Oh, goody. We’re going to see dirty, dust-covered vehicles blow up again in Mad Max: Fury Road come 2015.
Pardon me, but I’m not going to get excited about this. I didn’t even care for the previous installments in director George Miller’s post-apocalyptic series, including the original Mad Max and Mad Max 2: The Road Warrior. These may have been kinetic films, but they also presented a dreary, despondent vision of society that I wanted no part of … and didn’t enjoy watching.
Once again, I’m probably in the minority on this, though. Fury Road will likely be a hit.
It does depend, however, on whether people’s taste for such pictures remains the same. I think the Mad Max flicks of the past decades caught lightning in a bottle; fantasy films were big, and the vision of filthy cars, souped-up battling each other along never-ending highways at some point in the future was an original one.
Can Fury Road resurrect this franchise? It remains to be seen. The trailer promises the usual explosions and mayhem (hey, is that Verdi’s Requiem in there, too?), so I suspect there will be interest among fans of the original series.
That may be enough to propel this movie into successful territory. Next year, we’ll know for sure.
Unfortunately, we can’t go back in time to feel what it was like to experience the original Star Wars firsthand.
We can, however, watch the trailer to the forthcoming Star Wars Episode VII – The Force Awakens, and after doing so, I have to say that I’m not impressed.
I wasn’t too happy with director J.J. Abrams’ work on Star Trek Into Darkness, which I felt was a lot of posturing. Tedious, sloppy filmmaking, in my opinion. Now’s he’s getting his hands on the Star Wars franchise, and I’m cautiously pessimistic. The trailer to the 2015-destined new installment suggests it’s very special-effects-heavy – nothing new for this series. But I have a bigger problem. Why add more to a story that’s already ended … and in a satisfying way, to boot?
You won’t get a more iconic villain in this franchise than Darth Vader, and I don’t know if Abrams will try for that. Part of the reason the original worked, however, was due to the strength of the mythology behind Vader and his minions. They were bad. They were evil. And they had James Earl Jones’ voice leading them.
You’re not going to get the same effect in the latest sequel, and I’m worried it’ll fail because of that.
The Star Wars fan base is sizable. I’m sure this will make a lot of money. And putting out a teaser trailer now for a film that’s slated for a late-next-year debut is a good marketing strategy.
I just hope it’s not all for naught. Given the many problems with the prequels, this isn’t a new hope.
Paul Thomas Anderson is a good director. Thomas Pynchon is a good writer. But will the film based on his novel Inherent Vice be any good?
That’s what I’m wondering some days after seeing the trailer to the picture, which made the flick look like a bit of a mess. Possibly an amusing mess, but a mess all the same.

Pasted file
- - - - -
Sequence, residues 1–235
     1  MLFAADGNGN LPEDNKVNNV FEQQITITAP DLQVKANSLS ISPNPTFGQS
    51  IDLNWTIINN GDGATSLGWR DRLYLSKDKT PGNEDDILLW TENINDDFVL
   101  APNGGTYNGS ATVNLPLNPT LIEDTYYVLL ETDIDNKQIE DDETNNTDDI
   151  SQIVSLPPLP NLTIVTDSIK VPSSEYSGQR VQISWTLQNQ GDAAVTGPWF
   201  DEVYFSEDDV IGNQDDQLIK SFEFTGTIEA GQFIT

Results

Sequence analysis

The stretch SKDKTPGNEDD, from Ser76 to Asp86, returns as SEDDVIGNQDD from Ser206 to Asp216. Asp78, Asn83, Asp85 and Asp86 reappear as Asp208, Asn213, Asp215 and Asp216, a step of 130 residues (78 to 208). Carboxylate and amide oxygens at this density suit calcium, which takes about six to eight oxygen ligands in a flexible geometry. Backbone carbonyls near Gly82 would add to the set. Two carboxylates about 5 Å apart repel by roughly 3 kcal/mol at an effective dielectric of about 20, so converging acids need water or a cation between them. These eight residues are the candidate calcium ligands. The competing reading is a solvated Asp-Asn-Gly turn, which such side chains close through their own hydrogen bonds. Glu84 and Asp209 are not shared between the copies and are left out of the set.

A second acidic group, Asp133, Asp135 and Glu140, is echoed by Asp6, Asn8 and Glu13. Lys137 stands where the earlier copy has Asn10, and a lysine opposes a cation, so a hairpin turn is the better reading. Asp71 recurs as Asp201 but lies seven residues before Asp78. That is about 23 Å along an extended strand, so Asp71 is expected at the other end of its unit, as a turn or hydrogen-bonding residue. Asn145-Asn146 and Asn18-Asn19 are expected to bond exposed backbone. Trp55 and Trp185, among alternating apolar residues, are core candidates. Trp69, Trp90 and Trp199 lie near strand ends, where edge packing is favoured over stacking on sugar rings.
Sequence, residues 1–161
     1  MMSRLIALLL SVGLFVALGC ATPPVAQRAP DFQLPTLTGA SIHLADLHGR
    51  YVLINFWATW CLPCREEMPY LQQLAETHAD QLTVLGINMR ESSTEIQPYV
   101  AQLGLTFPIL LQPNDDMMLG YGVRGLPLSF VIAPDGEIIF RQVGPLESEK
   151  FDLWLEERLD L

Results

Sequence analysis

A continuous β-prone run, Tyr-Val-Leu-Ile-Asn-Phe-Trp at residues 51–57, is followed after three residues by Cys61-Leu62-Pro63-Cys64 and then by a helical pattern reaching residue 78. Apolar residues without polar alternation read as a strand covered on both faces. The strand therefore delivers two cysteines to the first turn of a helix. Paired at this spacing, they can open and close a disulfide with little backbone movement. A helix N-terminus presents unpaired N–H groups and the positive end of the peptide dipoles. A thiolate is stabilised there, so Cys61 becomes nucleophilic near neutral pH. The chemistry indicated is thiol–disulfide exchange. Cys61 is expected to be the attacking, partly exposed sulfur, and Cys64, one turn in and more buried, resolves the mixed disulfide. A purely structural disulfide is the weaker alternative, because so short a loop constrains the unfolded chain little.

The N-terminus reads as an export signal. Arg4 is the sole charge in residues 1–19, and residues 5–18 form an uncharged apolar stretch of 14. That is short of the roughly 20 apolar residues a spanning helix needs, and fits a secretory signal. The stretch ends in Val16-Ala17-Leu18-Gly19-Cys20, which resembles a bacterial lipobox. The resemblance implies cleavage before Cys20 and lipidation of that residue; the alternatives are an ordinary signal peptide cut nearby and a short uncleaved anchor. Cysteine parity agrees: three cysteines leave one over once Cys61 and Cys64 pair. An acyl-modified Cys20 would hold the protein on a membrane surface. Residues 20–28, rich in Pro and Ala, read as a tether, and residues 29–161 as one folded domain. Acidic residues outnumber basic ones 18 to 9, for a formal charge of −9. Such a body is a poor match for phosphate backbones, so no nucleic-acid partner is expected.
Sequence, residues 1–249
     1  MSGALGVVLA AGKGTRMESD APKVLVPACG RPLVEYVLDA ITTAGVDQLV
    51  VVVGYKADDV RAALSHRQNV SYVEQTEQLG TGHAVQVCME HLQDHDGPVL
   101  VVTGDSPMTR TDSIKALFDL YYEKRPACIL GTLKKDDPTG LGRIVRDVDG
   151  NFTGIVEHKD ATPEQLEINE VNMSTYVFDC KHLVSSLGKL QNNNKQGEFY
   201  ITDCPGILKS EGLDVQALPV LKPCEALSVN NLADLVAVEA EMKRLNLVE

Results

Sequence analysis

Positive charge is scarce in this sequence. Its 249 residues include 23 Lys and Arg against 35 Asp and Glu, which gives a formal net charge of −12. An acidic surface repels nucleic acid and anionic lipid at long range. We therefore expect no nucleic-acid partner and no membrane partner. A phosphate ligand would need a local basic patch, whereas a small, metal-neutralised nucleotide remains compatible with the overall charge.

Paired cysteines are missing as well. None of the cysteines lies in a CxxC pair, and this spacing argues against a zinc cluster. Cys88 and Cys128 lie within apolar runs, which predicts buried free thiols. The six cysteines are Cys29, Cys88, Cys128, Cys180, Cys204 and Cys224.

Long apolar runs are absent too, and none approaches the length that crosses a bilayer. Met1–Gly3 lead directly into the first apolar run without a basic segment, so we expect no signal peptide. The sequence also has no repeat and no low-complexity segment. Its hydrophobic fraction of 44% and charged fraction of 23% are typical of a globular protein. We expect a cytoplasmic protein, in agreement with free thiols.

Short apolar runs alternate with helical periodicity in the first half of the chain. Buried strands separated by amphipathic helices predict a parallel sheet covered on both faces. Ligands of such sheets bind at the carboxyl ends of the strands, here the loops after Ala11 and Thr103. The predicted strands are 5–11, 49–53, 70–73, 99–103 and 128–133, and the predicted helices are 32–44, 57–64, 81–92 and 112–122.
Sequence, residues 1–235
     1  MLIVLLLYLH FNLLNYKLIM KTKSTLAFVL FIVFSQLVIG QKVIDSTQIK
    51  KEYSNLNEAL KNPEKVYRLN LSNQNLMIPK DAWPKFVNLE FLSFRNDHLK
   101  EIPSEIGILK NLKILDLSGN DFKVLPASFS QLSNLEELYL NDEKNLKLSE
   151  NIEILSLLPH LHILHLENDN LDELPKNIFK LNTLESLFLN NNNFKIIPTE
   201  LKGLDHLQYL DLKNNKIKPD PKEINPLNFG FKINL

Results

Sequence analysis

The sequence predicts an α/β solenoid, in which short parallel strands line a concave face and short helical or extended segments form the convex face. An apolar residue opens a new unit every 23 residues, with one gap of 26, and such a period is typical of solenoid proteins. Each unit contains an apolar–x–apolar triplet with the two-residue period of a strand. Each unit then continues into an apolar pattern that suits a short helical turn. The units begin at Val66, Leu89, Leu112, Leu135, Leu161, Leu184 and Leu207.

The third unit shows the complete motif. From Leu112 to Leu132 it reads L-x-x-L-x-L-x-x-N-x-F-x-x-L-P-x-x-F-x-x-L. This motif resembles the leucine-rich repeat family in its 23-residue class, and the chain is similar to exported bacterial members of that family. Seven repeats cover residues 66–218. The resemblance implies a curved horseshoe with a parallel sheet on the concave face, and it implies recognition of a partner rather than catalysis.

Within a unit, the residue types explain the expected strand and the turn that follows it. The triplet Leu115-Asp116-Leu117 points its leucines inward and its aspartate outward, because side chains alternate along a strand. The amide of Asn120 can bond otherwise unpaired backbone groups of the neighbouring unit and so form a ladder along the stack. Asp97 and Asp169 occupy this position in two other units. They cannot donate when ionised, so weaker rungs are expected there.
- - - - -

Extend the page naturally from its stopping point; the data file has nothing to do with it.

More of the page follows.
I’m not totally happy with those prospects.
I like my movies tight, not sprawling. Frankly, I’m a bit worried that “sprawling” will be a euphemistic description of this film. Other movies in this director’s canon, including Boogie Nights and There Will Be Blood, were sprawling in an interesting way, meandering with purpose, getting audiences to wonder what would happen next. What I’m concerned about with Inherent Vice is that it will be directionless, muddled – that we’ll be sick of predicting where it’s going by the time we get halfway through it. And that could be a cinematic problem.
Sure, it might be on a par with Anderson’s other projects, in which case I’ll be more than pleased. But I’m cautiously pessimistic here. Not sure that’ll be the case.
Yes, I realize I’m jumping the gun when complaining about the trailer to a movie. But the preview for Wild, the based-on-a-true-story Jean-Marc Vallée film starring Reese Witherspoon as a woman who takes up hiking as a road to self-improvement, doesn’t look all that wonderful.
I’m not a huge fan of Witherspoon’s acting anyway, so that’s another hurdle. But in general, this picture looks manipulative, frustrating, like Dallas Buyers Club, which Vallée also directed. That flick also has a star that I don’t care for from a performance perspective: Matthew McConaughey.
There’s a trend here, though, and it’s the trend of trailers that don’t sell their movies as well as they should. If a preview doesn’t entice me, there’s something wrong with it. It should tout the picture’s best qualities, not make it look irritating. That’s how Wild came off. And unfortunately, that’s what it left me with.
There’s a chance that this film might be a good one. There is. I’m not expecting that, though. In this case, the trailer tells all. I’m buying that for now.
Yesterday, while at the theater to watch Nightcrawler, I saw the trailer for the Jon Stewart film Rosewater.
I have to admit, I’m a bit skeptical about this production. Stewart directed the movie and wrote the script for it, and although I think he’s a funny, often insightful guy, I’m far from a devotee of his work and don’t agree with him on everything. This serious picture, which documents the imprisonment and questioning of a journalist in Iran, is hardly comic material, and comedy is Stewart’s specialty. From a cinematic standpoint, it’s a big risk.
On the other hand, the trailer suggests some interesting cinematography and intriguing dialogue, which would be a big step forward for the usually lighthearted Stewart. It’s also topical subject matter, given the tyrannical regime currently in Iran, and might call further attention to the events occurring there. So there’s a part of me that’s looking forward to seeing it.
The question is: Will it be good? It’s hard to say. I guess I have to wait and see.
I hate doing that.